Bowlhead Green Pond (High Stilwells) renovation 2014-2016
I originally believed that the pond was one of the "High Stilwells", but after a lot of investigation I now believe this to be man-made and dating from the early 1800s, and probably from a lot earlier. The feed is mainly via water run-off from the village roads where there are a number of springs (Style-wells?) that sprout up in wet weather. The ground water also seeps up from underneath when the ground is saturated. The location of the pond is important. The pond was a central collection point for spring and rain water, being the lowest "common land" in the village. From the pond the lie of the land drops sharply down, over private fields, towards the lakes in the valley. The pond was probably dug out for two reasons. Firstly, as a storage area to provide water all year round to feed stock (mainly sheep and horses) in an area that would probably have been dry during normal summers. Secondly, the underlying geology of the area is Greensand which typically has a 25-30% clay content. The residue from the excavated pond would have made good brick material. A clue is that the field above and behind the pond is called Kiln Field on the old tithe maps. The pond lining is clay puddle, which would not be a natural occurrence.
In 2014 the pond and surrounding area had got into a bad state. The pond severely flooded in the winter of 2013/14 and the lane alongside (one of the only the two decent access roads to Bowlhead Green) was closed for 3 months. I decided that the pond needed renovation, if only because it was the last visible link with "Stilwell". The photographs above, taken from a drone, show the pond area in December 2014. It hadn't been a wet December and so there was little water in the pond as can be seen in the photographs. Normally, in any December, the pond would be full. The main reason the pond was not holding water was that a number of trees had breached the clay-puddle lining with their roots and the water had seeped into the very porous sand underneath. There were three "rogue" alder trees growing out the pond and the two large willows alongside the pond would have also caused problems with their roots. The willows had fallen down in the very wet winter of 2013-4 and been sawn up and left in place. This is evident in the lower picture above. All along the back of the pond was a very large spruce tree that had also fallen down in the winter floods. The trunk of this tree was completely covered in ivy which considerably increased its weight and wind resistance and caused it to fall in the winds. On the "green" alongside is a mature oak also in poor condition and being strangled by ivy. If you are wondering what the little black speck on the grass top right is, that is myself and the drone pilot.
Planning the renovation
The pond is within the Bowlhead Green conservation area. The local council (Waverley BC at Godalming) were approached and were very supportive of the project. Their permission was given to fell the alder trees, remove the lower limbs of the oak tree to raise the canopy, and to fell some other small trees on the back edges of the pond. The drainage into and out of the pond needed re-instating and Surrey County Council acted with commendable speed and cut new drainage ditches to prevent future flooding and cut a new feeder ditch to the pond, which was sorely needed. As of the autumn of 2015 the whole area around the pond had been cleared of unwanted trees and foliage, almost entirely single-handedly by me. The excavation of the silt and clay in the pond was too much for a few people with spades, and the laying of a permanent pond liner (to replace clay puddle) is a specialist job. A specialist was engaged to do all this and a cost obtained. A grant was obtained from a Surrey countryside charity in February 2016 and the renovation was completed on 24th March. Whilst digging out the new pond the digger unexpectedly encountered ground water. This was after 8 days of no rain at all. To lay an artificial liner was now not possible as, during wet periods, the ground water would get underneath the liner and push it up, creating what the industry calls a "hippo" (needs no further explanation....). The decision was made by myself and the contractors to not line the pond and retain it simply as a 6 foot deep dew pond, and it will fill in wet weather and slowly drain away in dry weather. Heavy storms would cause a lot of water to flow into the pond. The cost was less than the grant obtained from the charity and the excess was returned to them.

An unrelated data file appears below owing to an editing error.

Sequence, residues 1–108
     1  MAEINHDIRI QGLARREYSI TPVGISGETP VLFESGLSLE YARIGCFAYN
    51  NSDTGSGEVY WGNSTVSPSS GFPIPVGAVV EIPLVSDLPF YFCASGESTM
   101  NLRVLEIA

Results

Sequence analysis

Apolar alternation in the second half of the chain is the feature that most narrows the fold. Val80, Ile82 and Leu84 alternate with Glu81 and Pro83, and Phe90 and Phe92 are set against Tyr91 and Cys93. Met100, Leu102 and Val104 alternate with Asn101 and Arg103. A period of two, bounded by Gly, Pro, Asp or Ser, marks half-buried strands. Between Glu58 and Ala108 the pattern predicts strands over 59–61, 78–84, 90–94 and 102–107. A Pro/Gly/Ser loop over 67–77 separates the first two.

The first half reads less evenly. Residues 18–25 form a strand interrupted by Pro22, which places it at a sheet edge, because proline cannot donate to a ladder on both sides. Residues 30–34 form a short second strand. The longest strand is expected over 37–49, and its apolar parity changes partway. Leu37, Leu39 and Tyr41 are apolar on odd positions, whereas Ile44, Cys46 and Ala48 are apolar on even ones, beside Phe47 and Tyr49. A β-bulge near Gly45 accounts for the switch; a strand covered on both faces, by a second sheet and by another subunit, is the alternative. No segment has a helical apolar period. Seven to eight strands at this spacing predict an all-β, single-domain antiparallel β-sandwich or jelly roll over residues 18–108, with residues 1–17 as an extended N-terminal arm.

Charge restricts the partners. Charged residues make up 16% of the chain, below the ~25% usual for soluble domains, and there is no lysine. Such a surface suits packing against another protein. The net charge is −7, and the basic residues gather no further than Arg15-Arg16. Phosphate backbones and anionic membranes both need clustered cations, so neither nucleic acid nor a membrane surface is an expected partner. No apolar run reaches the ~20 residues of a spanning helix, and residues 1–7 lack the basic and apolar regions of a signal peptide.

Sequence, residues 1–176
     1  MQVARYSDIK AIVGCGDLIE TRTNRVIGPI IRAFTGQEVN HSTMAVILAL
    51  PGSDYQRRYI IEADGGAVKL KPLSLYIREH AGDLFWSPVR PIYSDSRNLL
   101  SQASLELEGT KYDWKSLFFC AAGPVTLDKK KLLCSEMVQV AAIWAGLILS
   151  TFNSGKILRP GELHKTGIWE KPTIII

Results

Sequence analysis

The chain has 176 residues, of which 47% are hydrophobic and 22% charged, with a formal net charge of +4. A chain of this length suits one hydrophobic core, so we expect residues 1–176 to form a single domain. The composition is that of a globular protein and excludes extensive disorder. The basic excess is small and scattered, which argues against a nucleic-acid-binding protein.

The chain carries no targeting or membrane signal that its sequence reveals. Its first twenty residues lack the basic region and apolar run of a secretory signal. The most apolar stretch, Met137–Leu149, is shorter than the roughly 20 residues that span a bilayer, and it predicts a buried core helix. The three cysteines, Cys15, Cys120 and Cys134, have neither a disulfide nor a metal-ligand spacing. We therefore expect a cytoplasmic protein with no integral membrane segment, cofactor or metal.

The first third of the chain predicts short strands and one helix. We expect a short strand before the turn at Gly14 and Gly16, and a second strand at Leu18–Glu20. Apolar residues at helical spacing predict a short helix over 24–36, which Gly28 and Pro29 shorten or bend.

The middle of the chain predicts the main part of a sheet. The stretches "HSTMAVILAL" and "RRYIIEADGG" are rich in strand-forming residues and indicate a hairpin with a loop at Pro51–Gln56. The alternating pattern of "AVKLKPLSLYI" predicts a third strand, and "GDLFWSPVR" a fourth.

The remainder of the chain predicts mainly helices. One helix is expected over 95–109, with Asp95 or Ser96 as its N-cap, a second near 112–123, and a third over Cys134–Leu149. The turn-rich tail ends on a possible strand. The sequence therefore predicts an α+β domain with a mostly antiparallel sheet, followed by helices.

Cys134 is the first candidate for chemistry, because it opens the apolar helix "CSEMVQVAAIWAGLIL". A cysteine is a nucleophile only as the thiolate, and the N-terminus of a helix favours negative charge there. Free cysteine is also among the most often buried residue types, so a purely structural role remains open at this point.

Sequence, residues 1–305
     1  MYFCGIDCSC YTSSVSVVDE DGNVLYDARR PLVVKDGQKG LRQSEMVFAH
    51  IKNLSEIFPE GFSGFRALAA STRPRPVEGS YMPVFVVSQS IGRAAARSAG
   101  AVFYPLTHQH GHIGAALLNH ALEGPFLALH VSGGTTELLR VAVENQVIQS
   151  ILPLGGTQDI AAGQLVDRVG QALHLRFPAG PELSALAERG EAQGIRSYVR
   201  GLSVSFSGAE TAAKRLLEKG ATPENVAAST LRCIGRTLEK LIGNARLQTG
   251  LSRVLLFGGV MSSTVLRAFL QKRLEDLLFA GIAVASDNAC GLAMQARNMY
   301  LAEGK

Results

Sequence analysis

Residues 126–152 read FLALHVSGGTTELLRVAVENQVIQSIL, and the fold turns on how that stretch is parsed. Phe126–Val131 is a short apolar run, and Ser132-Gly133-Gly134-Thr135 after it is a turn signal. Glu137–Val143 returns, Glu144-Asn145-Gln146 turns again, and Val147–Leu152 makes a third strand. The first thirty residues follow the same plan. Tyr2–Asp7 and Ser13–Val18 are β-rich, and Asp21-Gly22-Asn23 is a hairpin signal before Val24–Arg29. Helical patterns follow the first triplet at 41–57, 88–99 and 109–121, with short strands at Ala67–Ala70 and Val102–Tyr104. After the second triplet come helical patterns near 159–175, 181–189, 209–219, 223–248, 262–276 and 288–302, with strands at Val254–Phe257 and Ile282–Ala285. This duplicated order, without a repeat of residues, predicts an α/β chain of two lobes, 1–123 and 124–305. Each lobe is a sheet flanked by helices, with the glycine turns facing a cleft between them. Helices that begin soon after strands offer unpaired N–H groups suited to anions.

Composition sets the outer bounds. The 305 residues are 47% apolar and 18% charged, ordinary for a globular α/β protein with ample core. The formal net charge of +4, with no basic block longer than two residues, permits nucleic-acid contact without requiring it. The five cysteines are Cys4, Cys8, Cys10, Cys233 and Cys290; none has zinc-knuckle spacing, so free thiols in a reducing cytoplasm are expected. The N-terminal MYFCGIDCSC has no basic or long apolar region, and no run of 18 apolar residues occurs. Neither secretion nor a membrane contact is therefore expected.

The water level was monitored in 2016 and was stopping about 300mm short of the overflow ditch. It seemed that the clay strata was that distance below the overflow and above it was natural greensand and the rainwater was soaking away through this level. The experts were consulted and it was decided that it would, after all, be viable to clay-puddle the pond to create an impervious clay lining. A quote was obtained and the charity approached for another grant, which was approved in August 2017. The returning of the unused part of the previous grant was, we are sure, a good point in our favour and helped to secure the second grant. Clay puddling took place a few weeks later and the pond now fills to the overflow. To help the feed of rainwater from the road into the pond the main ditch was lined with a clever material called Concrete Canvas. The cost of this was included in the grant.
A montage of before and after photographs can be seen by clicking the link below-left. The link below-right has an AVI video of Bowlhead Green taken in December 2014 (a frosty morning). All but the first quarter of the video covers the area that would have been High Stilwells. The video starts and finishes with the pond area bottom left.
Martin Stilwell, December 2017